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New romantics

Barry Lally of modernlove told David Hennessy about the band’s journey from a Drogheda shed to touring the US and the UK, how hopeless it looked in the pandemic just before they secured their record deal and their ‘haunted’ rehearsal space.

When modernlove- made up of childhood friends Barry Lally (vocals/guitar), Graham Fagan (guitar), Danny Rooney (bass) and Cian McCluskey (drums)- started, they were only 15. Too young to play the pubs in their home town of Drogheda, Co. Louth, they had to find their own scene.

It is fair to say they have definitely found it now.

The band, known for their larger than life indie-pop anthems of small town boredom, big nights out and young love, have just played their biggest UK tour to date which included a date at London’s Lafayette. Before that they were touring the US when they played the iconic SXSW festival in Texas.

The band has come a long way since playing school gigs and youth clubs and gigs that built their own scene since none existed for them.

After school, they enrolled in various music courses but always kept the band as their focus.

Going into 2020 modernlove had a run of self-released singles and were working towards a debut EP, until Covid hit, breaking up the scene they’d started to build.

The four would retire to their bedrooms to pen some songs although Barry admits there were times when it looked futile to continue.

However, it was then that an A&R man from Akira Records discovered them.

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They would release their debut EP monochrome blue featuring the 1million+ streamed Liquorice and followed it with 2022’s Oh My Mind’ EP.

The current offering, Nightlife, is their third EP.

The Irish World spoke to lead singer Barry Lally when he was back home in Drogheda winding down after that tour.

He tells us, “It’s very nice to be back.”

Of that tour, Barry says: “That was what we’ve always aimed to do as a band since we started, since we were teenagers.

“That was the goal, to get over to America and to be a touring band playing our own gigs. So that was a pinch me moment, for sure.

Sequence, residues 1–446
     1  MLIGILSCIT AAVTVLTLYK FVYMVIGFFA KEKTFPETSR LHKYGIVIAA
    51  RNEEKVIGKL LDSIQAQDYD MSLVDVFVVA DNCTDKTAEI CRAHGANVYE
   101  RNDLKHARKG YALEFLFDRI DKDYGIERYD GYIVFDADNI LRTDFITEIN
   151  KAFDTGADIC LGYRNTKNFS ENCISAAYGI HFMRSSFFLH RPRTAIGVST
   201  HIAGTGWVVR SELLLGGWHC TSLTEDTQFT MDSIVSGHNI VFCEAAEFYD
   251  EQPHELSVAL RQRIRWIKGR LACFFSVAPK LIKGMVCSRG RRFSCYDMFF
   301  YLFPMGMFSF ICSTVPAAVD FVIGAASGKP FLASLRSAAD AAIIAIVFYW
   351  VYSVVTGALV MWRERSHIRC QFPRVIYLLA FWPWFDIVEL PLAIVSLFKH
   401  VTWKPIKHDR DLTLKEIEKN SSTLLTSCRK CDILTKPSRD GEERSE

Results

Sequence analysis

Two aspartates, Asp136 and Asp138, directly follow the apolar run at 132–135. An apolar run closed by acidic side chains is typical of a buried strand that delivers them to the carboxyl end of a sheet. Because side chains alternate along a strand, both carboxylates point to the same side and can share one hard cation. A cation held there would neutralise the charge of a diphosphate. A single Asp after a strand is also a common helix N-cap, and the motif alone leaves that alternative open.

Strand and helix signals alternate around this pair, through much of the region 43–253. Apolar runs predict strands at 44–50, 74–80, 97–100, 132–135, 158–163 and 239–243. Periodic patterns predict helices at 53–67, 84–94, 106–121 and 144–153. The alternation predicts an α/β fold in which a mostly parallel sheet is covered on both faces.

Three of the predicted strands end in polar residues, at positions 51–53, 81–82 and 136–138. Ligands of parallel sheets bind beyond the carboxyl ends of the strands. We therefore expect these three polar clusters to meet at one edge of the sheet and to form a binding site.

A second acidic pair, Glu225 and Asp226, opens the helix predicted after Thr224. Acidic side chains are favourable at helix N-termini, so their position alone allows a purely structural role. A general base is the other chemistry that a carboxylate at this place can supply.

“The idea is to just keep sort of playing the same places, each time upgrading the venue, and we seem to be selling them out,” Barry says with some disbelief at it himself.

“Every time we upgrade the venue I’m thinking, ‘There’s no way that many people will want to come and see us’.

“And it’s happened so far.”

Has it all been a bit of a whirlwind the last few years? “I feel like it was a slow build since Us.

“This year is the first year we’ve just gotten crazy busy.

“This year is the first one we’re doing this full time and actually don’t have enough time to be working another job or studying or anything like that.

“It’s mad being so busy with it for the first time ever, so be careful what you wish for.

“The four of us in the band, our whole lives slowly began to just revolve around the band itself to the point where nearly all of our good friends now are people that we met at the first few gigs that we ever played in Drogheda when we were like 16.

“All of our first girlfriends we met at our gigs and just ever since we started.

“It’s not even like a question of why we do it or what the purpose is.

“It’s kind of just this ubiquitous thing that we just like wake up and that’s just what we do, don’t really question it.

“The band is life.”

That said, this was tested in the pandemic.

“I think we had been working towards being an actual band, whatever that is, for a really long time and had sort of started to find our sound maybe or sort of hitting a stride a little bit.

“And then COVID came around and sort of nipped that in the bud.

“Covid was a very, very hard time for everyone and musicians in a specific sense.

“There was just no motivation to keep going especially for us.

“We started out playing gigs. That was the reason that we started the band, it had to be like a live band.

“Over COVID, there was no one to play to and then with the music that we would be releasing, there was no tangible evidence anybody was listening to it, enjoying it, or digesting it and becoming maybe a fan.

“It kind of felt like just releasing music and just kind of throwing it out there into the ether and not ever getting anything back.

“But we just kept going and put out one song that ended up being heard by the right people and a record deal ensued.

“That kind of just gave us the motivation that if we kept just going with it, there would be an end to this eventually and opportunities afterwards.